Treatments that eliminate Helicobacter pylori (H pylori) infection may offer long-term gastric cancer prevention in high-risk populations, according to study findings published in Gastroenterology.

Researchers conducted a randomized, placebo-controlled trial in the Fujian province in southern China beginning in July 1994, with a 26.5-year follow-up ending in December 2020. They randomly assigned 1630 asymptomatic individuals diagnosed with H pylori infection to receive standardized triple therapy or placebo. The treatment group (n=817) followed a 2-week course of omeprazole (20 mg), combined amoxicillin and clavulanate potassium (750 mg), and metronidazole (400 mg) each taken 2 times a day to eradicate the H pylori infection. The control group (n=813) received placebo. The primary outcome was gastric cancer incidence during follow-up. Secondary outcomes included total and cause-specific mortality.

The researchers assessed the triple therapy efficacy by conducting a C urea breath test 6 weeks following completion of treatment. Individuals who failed treatment were given the option of a 1-week course of quadruple therapy. By the end of the study, 83.7% of individuals in the active treatment group achieved complete eradication of H pylori.


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Gastric cancer occurred in 21 patients (2.57%) in the treatment cohort and 35 patients (4.31%) in the placebo cohort, demonstrating a reduction in gastric cancer incidence in those receiving H pylori treatment (hazard ratio [HR], 0.57; 95% CI, 0.33-0.98). The investigators noted significant reduction in gastric cancer risk in individuals without baseline dyspepsia or premalignant gastric lesions. They also observed decreased rates of gastric lesion progression in the treatment group compared with the placebo group (P <.05).

In the placebo group, 527 patients exhibited persistent H pylori infection, with 32 of these individuals developing gastric cancer during follow-up. In the treatment group, 625 patients demonstrated successful H pylori eradication, with 16 of these individuals developing gastric cancer. In the placebo group, gastric cancer incidence began within the first year during follow-up, whereas in the treatment group, gastric cancer incidence began after 5 years of follow-up.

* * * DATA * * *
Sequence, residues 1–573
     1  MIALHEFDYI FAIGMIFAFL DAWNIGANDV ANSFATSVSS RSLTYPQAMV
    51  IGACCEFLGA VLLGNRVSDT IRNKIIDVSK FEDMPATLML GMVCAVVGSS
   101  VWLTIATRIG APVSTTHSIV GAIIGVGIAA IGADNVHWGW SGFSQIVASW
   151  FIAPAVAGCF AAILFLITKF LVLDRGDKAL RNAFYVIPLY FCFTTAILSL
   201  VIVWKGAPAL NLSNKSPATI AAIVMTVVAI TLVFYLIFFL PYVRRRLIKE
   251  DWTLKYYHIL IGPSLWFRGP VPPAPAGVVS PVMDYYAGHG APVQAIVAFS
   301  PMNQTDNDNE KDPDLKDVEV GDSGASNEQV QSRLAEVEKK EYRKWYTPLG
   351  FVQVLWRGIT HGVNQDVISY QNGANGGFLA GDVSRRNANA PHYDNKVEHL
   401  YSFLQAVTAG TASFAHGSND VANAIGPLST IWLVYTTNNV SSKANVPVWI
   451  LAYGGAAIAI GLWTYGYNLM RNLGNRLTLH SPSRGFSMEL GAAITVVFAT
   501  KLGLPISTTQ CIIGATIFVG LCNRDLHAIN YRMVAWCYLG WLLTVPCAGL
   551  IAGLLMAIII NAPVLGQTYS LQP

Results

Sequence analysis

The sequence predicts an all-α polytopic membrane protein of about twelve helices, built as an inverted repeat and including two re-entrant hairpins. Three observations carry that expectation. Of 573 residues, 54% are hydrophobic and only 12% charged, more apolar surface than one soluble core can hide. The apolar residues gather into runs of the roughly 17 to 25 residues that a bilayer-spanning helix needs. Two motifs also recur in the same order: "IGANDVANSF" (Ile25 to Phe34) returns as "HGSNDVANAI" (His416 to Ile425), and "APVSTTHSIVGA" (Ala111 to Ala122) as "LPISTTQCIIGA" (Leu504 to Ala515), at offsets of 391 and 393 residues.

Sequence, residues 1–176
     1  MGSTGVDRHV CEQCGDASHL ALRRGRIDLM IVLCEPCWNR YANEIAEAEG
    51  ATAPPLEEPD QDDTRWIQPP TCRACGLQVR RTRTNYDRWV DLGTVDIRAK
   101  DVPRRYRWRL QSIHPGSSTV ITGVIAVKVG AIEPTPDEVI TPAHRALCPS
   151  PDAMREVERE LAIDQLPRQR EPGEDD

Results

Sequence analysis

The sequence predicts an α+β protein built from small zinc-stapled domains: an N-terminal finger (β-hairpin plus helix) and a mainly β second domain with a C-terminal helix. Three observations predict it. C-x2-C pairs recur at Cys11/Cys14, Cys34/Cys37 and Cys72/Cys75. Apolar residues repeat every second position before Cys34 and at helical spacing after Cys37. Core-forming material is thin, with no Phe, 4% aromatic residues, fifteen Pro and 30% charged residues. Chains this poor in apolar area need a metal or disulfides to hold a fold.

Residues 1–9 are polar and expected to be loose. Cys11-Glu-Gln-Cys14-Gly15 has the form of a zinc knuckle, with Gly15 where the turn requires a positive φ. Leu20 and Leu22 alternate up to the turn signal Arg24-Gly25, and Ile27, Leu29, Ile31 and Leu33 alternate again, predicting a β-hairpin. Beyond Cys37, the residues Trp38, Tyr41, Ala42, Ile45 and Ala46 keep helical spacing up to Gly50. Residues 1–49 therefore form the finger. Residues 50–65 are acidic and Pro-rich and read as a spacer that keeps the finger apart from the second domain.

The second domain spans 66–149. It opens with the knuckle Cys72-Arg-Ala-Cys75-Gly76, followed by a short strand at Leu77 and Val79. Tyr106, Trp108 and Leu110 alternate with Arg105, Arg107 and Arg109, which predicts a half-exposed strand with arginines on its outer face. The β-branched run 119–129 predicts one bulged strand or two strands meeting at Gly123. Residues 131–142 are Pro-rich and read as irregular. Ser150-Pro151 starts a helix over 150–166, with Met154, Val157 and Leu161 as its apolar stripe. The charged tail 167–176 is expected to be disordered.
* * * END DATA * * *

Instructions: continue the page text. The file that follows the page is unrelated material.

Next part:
At the 7.5-year follow-up, no statistically significant difference in gastric cancer incidence existed between the 2 groups; however, at the extended 11.5-year follow-up assessment, only participants in the treatment group with continued eradication of H pylori demonstrated significantly decreased risk for gastric cancer (P =.017).

“Our study provides strong evidence that H pylori eradication therapy significantly reduces the risk [for] gastric cancer development, which might be confined to the subgroup without precancerous gastric lesions at baseline,” the study authors wrote. “These findings highlight the need of prompt treatment for carriers of H pylori infection in high-risk populations, especially among those without advanced gastric lesions.”

Reference

Yan L, Chen Y, Chen F, et al. Effect of helicobacter pylori eradication on gastric cancer prevention: Updated report from a randomized controlled trial with 26.5 years of follow-up. Gastroenterology. Published online March 29, 2022. doi:10.1053/j.gastro.2022.03.039